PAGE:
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Credit Suisse punts its private banking business to Wells Fargo

Henny “take my wife … please” Youngman would be proud of the deal Credit Suisse just made to offload what is left of its U.S. private bank on Wells Fargo.

Under the arrangement disclosed today, Credit Suisse Group AG gives Wells Fargo the exclusive right to rampage its cadre of wealth managers with the idea of situating willing Credit Suisse brokers by 2016.

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$7-billion deal for myCIO delivers 12-billionth dollar of acquired assets for AMG

The deal, announced July 13, underscores that AMG has established itself as an alpha predator for the top half of the top 1% of RIA firms in the United States, according to John Furey, principal of Advisor Growth Strategies, LLC of Phoenix.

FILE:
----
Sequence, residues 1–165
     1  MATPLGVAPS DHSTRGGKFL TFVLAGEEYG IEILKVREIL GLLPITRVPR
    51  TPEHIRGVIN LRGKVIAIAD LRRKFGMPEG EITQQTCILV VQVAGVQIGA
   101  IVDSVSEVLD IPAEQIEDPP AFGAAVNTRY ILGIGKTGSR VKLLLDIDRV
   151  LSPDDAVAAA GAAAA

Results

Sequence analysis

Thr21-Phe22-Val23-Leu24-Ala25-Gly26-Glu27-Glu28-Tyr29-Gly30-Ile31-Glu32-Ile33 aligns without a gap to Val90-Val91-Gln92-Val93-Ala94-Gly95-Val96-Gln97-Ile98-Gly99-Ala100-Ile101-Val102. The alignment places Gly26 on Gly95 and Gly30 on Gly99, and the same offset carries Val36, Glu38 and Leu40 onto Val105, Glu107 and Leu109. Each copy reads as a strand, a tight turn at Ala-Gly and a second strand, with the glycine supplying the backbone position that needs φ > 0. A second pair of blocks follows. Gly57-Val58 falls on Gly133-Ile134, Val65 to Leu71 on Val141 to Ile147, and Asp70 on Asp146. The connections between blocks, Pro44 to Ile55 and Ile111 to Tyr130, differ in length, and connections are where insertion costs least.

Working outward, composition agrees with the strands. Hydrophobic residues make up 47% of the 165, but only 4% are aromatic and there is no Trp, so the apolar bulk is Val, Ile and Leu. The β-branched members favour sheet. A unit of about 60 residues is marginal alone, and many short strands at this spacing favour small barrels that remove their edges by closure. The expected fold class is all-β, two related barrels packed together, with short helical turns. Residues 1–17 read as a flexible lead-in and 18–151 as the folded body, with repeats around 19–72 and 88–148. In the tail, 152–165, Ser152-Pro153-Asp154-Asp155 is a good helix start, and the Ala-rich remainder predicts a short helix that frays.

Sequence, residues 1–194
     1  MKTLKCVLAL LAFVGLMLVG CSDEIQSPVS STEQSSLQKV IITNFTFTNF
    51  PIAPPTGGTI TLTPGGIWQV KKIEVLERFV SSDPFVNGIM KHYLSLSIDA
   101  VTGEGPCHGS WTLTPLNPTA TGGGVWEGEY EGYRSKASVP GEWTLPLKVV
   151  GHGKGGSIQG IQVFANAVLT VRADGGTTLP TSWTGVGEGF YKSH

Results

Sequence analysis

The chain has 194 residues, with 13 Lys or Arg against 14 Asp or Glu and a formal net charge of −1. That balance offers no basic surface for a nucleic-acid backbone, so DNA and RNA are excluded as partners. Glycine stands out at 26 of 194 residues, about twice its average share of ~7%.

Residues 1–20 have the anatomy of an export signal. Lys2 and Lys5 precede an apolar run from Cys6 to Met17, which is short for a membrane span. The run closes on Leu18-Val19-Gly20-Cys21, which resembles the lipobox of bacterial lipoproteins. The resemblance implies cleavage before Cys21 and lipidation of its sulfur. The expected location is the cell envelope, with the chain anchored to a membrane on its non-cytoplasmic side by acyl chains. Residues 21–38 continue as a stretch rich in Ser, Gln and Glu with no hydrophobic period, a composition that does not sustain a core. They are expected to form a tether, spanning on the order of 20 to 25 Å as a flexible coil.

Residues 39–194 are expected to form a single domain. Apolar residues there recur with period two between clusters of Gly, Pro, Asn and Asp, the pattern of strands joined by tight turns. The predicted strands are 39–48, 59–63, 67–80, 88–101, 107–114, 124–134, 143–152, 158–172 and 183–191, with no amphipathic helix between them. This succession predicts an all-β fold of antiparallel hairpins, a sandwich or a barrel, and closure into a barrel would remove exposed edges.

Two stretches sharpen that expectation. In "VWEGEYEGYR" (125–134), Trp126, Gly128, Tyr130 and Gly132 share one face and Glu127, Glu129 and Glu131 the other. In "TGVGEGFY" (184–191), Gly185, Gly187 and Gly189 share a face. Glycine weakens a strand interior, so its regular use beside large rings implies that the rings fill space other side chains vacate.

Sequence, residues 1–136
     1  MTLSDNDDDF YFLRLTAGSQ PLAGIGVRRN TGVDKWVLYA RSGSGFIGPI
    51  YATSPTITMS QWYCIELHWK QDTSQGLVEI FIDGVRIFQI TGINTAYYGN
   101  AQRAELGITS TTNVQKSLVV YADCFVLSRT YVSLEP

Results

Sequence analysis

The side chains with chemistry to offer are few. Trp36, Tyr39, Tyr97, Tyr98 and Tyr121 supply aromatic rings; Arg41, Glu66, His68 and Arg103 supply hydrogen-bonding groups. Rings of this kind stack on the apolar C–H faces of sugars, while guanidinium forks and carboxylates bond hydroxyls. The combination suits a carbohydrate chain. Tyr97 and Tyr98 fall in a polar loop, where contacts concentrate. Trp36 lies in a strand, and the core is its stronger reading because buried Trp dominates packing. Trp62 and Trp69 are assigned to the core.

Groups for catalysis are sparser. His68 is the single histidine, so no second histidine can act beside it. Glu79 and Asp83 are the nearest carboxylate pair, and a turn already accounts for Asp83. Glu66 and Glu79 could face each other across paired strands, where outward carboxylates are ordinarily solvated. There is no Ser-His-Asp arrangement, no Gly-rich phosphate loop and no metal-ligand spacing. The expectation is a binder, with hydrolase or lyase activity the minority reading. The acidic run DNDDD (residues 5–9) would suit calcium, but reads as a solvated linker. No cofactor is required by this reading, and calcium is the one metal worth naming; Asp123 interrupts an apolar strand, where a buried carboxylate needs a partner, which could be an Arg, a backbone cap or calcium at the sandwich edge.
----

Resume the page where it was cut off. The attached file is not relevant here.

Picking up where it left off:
“AMG is seeking to partner with the very best in the industry. I would imagine their addressable market is less than 100 RIAs nationally. So clearly they are trying to build some cachet with RIA owners.”

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No Slowing RIA Growth

In the financial advisory industry there are potential regulatory burdens, fickle investors, and crafty competitors—but nothing has changed the relentless march of the registered investment advisor space since the 2008 crash.

“The sellers are definitely a bit more serious. I think there are more willing sellers because valuations are up,” says John Furey, principal and founder of Advisor Growth Strategies, a consultancy in Phoenix. “It’s been an ongoing secular trend for independent fee-based advice. I think it’s real. The market’s up and the pie is growing.”